• retinalattachment;

• siliconeoilineye;

• intraocularpressure (IOP).
Management protocol

The intended plan is either to perform

1) primary surgery as soon as possible; this is followed by postoperative care and then secondary vitrectomy with prophylactic chorioretinectomy, preferably no later than 100 hours postinjury or

2) primary comprehensive surgery (wound closure + vitrectomy with prophylactic chorioretinectomy.

(It is conceivable that no primary surgery is necessary - e.g., the wound is too small to require closure and no anterior segment pathology requiring surgical intervention is present -; strictly speaking, in such cases the secondary surgery is the primary surgery, but for data entry and analysis purposes, such intervention remains to be called secondary surgery. It is also possible that the second surgery is performed >100 hours after the injury. Although it is not preferable, this does NOT disqualify the case, just indicate this fact on the sheet.)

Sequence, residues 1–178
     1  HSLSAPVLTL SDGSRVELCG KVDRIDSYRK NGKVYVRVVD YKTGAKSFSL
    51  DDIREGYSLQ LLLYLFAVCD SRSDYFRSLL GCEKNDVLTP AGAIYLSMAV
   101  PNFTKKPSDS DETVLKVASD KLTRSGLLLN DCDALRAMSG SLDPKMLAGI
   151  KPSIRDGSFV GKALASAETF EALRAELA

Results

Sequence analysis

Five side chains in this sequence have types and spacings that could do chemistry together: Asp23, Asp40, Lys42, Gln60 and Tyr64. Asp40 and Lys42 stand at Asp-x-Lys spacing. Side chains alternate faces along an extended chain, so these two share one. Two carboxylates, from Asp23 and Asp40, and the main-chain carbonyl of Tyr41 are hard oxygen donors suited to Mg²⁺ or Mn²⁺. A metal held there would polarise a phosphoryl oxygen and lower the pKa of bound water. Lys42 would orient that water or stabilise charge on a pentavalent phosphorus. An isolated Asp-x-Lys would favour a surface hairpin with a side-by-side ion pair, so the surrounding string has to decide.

Primary (emergency) surgery

• closewound(if it can reasonablybereached) as soon as possible;

• clearanterioropacity(hyphema, cataract etc.) asnecessarysurgeon’s decision;

• in eyes with a perforating injury, it is preferred although not mandatory to perform limited indirect ophthalmoscopic vitrectomy withwithout anteriorchamber infusion tocut intravitrealtractionpathway; no indirect ophthalmoscopic vitrectomy in the other two injury types;

• in eyes with an IOFB, it is the surgeon’s decision whether the IOFB is removed now delayed until the secondary surgery

• do not use scleral buckle.

If patient is referred with the primary surgery already performed elsewhere, skip to “postoperative case” section.